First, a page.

JW: By unleashing my inner a-hole? Repetitions of the phrase Venusian penile colony? Juxtaposition of common tropes and completely ridiculous, made-up words? Lots of trips to Wikipedia and IMDB.com to make sure my details were only partly accurate? Injudicious authorial intrusion? Writing really, really fast before the kids get home from school and ask what I’m laughing about?

HM: Describe a few of the SF and romance references readers will have fun spotting as they read.

JW: We could turn this into one of those car trip games. Can you spot…

Star Wars/Trek/Firefly/BSG/Etc. (These, IMO, are a given.) The Hunger Games. 50 Shades of Grey a.k.a. any Billionaire BDSM romance. The Last Hour of Gann. Transformers. Harlequin Presents novels. 1984. Solaris. Outlander. Space Ghost Coast to Coast. That one with the thing where they died when they turned 30. The Maze Runner. That one where the females were auctioned off. That one with the motorcycle gang. Most SyFy channel shows. Anything with cyborgs.

Honestly, sometimes my references weren’t book-specific as much as they were trope specific. I probably leaned more heavily on media of recent derivation, being the pop culture punk ass that I am. Ok, not really, I’m too old to be a punk ass. Anyway, if you know of an SF or SFR trope you’d love to see in a future volume, that can probably be arranged.

HM: How did your interests in science fiction and romance evolve?

JW: Thundarr the Barbarian, Wonder Woman, Star Wars, and Fantasy Island. When I was in my formative years (do we ever really escape our formative years? I mean, I’m still forming.), I didn’t want to be rescued. I didn’t want to be the helpless damsel. Boring, boring, boring. I wanted to Save the World and Stuff. I wanted to defend myself and others from the baddies. I wanted to cast the spells. I wanted to figure out the puzzles.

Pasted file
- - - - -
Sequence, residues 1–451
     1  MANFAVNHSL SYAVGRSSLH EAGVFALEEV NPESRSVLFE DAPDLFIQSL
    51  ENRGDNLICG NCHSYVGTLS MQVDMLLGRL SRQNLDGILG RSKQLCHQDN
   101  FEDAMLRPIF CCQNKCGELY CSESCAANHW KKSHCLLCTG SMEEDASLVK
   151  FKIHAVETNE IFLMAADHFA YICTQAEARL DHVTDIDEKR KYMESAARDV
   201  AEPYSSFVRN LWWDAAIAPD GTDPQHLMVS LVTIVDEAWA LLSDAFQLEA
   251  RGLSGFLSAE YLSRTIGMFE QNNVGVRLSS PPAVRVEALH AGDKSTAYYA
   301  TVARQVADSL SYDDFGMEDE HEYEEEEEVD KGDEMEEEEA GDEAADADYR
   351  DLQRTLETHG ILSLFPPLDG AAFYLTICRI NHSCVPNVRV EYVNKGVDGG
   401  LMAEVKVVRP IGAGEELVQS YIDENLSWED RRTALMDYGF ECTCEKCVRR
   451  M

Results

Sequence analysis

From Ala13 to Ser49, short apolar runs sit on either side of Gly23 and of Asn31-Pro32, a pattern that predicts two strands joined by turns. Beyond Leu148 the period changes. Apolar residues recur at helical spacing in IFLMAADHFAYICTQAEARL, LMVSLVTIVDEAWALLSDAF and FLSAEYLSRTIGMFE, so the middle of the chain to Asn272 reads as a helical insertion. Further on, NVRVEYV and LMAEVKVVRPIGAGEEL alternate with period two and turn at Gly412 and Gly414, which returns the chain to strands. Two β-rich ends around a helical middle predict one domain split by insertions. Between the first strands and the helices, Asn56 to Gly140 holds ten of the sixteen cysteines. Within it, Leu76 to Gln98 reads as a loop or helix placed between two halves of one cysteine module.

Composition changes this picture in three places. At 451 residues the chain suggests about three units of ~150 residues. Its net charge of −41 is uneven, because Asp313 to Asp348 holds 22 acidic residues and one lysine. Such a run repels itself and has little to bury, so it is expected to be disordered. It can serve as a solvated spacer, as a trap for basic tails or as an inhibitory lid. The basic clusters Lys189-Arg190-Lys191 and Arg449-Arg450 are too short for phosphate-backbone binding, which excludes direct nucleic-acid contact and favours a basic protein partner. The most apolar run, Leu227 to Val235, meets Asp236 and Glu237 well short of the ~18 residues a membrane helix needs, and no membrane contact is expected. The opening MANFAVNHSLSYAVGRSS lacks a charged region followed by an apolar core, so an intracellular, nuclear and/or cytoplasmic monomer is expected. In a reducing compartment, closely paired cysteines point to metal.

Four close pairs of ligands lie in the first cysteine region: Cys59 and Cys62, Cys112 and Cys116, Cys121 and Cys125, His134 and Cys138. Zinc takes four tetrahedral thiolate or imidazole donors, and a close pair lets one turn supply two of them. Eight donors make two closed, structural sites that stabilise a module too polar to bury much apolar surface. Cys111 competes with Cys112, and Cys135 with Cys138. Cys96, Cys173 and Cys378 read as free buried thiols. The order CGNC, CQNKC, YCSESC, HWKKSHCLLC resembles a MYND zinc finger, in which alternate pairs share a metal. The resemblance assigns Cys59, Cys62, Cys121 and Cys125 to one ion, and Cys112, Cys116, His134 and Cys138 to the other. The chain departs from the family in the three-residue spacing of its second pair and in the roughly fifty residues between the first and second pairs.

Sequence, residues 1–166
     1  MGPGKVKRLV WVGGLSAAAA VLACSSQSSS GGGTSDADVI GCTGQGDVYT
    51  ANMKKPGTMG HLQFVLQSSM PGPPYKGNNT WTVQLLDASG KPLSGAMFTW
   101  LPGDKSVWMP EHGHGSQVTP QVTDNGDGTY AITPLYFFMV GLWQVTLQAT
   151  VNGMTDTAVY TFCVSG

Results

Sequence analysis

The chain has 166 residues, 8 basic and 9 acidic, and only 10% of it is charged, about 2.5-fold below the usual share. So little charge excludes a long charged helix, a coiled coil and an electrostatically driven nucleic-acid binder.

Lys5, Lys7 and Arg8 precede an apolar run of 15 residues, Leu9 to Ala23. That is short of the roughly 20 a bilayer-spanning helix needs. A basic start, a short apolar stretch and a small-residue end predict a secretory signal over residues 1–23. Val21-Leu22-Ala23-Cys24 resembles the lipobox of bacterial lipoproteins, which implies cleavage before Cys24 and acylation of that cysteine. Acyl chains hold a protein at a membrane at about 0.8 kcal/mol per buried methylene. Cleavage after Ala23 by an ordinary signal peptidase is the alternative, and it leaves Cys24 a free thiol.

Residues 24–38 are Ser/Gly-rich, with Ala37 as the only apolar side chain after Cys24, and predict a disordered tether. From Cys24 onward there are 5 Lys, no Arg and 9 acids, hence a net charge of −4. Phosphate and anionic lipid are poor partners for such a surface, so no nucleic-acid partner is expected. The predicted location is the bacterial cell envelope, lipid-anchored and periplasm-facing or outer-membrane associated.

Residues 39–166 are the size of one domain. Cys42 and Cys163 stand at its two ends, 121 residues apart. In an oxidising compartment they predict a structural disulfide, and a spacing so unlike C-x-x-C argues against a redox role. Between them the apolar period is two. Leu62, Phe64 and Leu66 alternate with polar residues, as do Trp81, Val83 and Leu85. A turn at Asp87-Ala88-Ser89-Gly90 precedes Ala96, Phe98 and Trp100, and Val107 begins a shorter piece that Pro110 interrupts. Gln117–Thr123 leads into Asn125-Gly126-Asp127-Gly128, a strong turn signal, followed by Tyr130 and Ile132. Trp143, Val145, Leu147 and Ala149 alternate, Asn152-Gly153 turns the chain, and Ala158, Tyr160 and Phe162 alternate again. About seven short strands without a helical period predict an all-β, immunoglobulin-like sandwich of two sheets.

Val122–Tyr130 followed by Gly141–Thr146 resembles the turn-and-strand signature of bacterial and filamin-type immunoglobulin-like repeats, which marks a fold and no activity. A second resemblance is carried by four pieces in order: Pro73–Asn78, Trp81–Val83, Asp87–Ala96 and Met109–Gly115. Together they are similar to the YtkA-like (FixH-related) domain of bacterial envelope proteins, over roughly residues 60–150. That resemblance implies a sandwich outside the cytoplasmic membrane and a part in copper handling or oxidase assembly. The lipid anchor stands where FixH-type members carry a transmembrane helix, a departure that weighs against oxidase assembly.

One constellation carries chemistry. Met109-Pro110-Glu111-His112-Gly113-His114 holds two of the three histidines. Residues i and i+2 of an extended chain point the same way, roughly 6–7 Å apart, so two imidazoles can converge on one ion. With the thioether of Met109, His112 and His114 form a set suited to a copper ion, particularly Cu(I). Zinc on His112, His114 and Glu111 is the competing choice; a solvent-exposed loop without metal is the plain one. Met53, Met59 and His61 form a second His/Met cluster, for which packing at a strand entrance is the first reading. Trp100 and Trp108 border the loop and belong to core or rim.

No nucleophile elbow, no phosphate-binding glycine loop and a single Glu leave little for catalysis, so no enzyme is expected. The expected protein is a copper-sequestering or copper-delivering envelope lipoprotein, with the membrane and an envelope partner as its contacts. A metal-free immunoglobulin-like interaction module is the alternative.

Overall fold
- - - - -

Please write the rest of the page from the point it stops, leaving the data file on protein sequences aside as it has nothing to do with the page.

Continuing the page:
I wanted to win the prizes and the honors. I mean, why not? Rah!

As a woman, though, I found that female protagonists I aspired to kick ass alongside were limited. If they did kick ass, there was always some dude kicking more ass nearby, probably in front of them. The addition of the speculative elements like SF to plots seemed to equalize that lovely patriarchal playing field a little, at least in my imagination.

Hence, SF and SFR.

Oh, and Lynda Carter. I played “Wonder Woman” a lot when I was growing up.

HM: One thing that makes The Adventures of Mari Shu unique is that it is, as far as I know, the only published science fiction romance of its kind. Authors like Lucy Woodhull (Ragnar and Juliet) and Gini Koch (Touched By An Alien) have written comedic sci-fi romances, but before now I’ve never read anything on the level of an outright parody. What are a few goals you wanted to accomplish by writing this series?

JW: I have no idea if this is the only romance of its kind. Digital publishing has ripped open the river of writerly wack, so I wouldn’t be surprised to find just about anything out there at just about every heat level known to humankind. R-34 and all that jazz.

As far as my goals, I mentioned that I find writing this series very amusing. I’d like to continue to amuse myself and hopefully others. I would also like to get some hate mail from people who don’t realize this is a parody. That would be delightful. I hope they give me permission to publish it. And if there’s any way this could morph into a series of graphic novels, I’d be all over that, because I think Claymation would be too hard. Or maybe a video game!

Ok, new goal. I’d like Mari Shu to be a best-selling App within three years. I’m used to falling short of my goals, so I have no problem putting this in writing.

HM: You’ve been a busy lady over the years. You have a Master’s Degree in Creative Writing. In addition to writing fiction, you once ran The Science Fiction Romance Newsletter. You’ve been active in RWA and have published loads of books, including the Maelstrom Chronicles with Entangled Publishing. You also own a cat, which as everyone knows is a full-time job in and of itself! Given your extensive experience in publishing, what advice can you give to cat owners?